China's bank lending picked up in June from May, the central bank said Tuesday, as authorities accelerated infrastructure investment to boost the flagging economy, but analysts warned of a possible debt bubble.
Domestic banks granted 1.08 trillion yuan ($174 billion) in new loans for June, up from 870.8 billion yuan a month earlier, the People's Bank of China (PBoC) said in a statement.
The June figure beat an average forecast of 980 billion yuan, according to a poll of 20 economists by the Wall Street Journal.
China has in recent months rolled out a "mini-stimulus" package, including targeted monetary easing and speeding up infrastructure spending, to spur economic growth.
However, China Merchants Bank analyst Liu Dongliang wrote in a research note: "On the positive side, the massive scale of credit... should provide a solid foundation for an economic recovery.
"But the overly fast growth in June loans may result in excess capacity and inflated debt bubbles."
He added that the central bank could even tighten monetary policy in the third quarter if such risks arise.
China's economy expanded 7.7 percent in 2013, the same as 2012 -- the worst pace since 7.6 percent in 1999. China's official growth target for this year is 7.5 percent, also the same as last year's.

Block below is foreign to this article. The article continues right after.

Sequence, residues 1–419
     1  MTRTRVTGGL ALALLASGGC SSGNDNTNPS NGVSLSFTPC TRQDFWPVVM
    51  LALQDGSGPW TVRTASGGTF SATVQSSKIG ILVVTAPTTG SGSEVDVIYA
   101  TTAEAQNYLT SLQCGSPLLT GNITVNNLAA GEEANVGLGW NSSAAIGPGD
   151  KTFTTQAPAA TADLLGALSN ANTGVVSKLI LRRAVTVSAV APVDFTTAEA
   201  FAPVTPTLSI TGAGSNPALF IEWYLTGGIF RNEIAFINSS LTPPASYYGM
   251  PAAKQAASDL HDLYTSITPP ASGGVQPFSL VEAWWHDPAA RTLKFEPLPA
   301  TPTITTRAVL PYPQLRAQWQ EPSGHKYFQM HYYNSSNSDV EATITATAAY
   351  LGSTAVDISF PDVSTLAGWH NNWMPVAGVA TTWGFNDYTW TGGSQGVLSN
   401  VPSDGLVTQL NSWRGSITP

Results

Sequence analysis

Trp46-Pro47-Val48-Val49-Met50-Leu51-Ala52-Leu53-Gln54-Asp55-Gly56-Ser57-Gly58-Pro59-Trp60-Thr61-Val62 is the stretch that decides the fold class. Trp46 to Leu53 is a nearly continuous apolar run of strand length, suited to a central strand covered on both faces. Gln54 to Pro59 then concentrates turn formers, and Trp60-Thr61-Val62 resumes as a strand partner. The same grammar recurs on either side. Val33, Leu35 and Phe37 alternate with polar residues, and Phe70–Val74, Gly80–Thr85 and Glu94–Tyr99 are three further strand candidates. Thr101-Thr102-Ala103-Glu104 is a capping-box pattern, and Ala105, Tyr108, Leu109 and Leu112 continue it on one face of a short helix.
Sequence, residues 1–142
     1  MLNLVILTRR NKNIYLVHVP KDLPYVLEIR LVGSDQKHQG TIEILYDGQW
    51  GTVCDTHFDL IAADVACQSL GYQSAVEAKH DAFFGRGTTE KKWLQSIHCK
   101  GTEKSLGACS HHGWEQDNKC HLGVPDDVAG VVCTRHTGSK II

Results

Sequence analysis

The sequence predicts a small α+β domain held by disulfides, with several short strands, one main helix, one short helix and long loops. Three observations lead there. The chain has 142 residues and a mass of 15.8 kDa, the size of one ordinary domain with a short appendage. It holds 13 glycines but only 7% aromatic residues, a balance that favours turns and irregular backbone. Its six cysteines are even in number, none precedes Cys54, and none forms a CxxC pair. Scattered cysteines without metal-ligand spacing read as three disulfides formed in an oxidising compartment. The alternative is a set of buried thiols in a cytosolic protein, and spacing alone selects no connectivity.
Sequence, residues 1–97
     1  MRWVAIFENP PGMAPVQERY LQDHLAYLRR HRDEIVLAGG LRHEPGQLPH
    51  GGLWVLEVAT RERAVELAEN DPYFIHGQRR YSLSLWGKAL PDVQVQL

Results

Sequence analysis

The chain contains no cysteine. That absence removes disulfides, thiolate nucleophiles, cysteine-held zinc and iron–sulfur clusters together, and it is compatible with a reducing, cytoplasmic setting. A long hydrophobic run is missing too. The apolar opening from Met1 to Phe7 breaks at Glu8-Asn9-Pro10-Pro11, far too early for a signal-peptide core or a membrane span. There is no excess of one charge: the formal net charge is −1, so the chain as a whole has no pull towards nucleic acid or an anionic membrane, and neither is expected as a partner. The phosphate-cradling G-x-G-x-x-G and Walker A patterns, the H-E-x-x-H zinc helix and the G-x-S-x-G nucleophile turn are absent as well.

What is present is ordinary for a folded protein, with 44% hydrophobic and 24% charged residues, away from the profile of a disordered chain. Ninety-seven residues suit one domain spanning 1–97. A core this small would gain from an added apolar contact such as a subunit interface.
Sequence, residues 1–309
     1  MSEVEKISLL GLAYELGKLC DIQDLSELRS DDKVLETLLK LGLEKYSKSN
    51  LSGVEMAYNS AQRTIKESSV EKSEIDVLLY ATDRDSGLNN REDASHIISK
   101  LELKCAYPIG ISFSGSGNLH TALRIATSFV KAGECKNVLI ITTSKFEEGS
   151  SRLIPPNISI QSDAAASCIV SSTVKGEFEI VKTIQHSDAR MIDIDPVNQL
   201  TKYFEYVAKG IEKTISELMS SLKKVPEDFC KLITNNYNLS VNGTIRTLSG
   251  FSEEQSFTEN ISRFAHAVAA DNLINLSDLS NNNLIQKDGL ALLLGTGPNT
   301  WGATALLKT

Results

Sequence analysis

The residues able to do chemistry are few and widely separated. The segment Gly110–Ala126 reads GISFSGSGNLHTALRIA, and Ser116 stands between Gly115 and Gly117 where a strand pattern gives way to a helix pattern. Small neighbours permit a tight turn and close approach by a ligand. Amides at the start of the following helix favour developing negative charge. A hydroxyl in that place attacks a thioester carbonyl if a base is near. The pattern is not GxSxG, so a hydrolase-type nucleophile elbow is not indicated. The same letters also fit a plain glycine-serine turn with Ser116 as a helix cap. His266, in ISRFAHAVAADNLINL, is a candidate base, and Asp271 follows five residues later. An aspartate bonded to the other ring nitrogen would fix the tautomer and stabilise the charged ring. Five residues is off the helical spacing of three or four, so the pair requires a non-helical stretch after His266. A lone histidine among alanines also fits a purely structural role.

Gross domestic product (GDP) grew 7.4 percent in the first quarter of this year.
The median forecast in a survey of 17 economists by AFP predicted that the economy again grew 7.4 percent in the April-June period. China announces second-quarter GDP data on Wednesday.
The PBoC said total social financing -- a broader measure of credit -- was 1.97 trillion yuan in June, up from 1.40 trillion yuan in May.
"Shadow banking activities continued to shrink and bank lending has returned as the key source of corporate financing," ANZ Bank said in a research report.
Authorities have sought to crack down on "shadow banking" -- a huge network of lending outside formal channels and beyond the reach of regulators, including activities by online finance platforms, credit guarantee companies and microcredit firms.
Separately, China's foreign exchange reserves reached $3.99 trillion at the end of June, up from $3.95 trillion as of end-March, according to the central bank.
ANZ described the rise in reserves as "generally stable" and the smallest increase since the fourth quarter of 2012.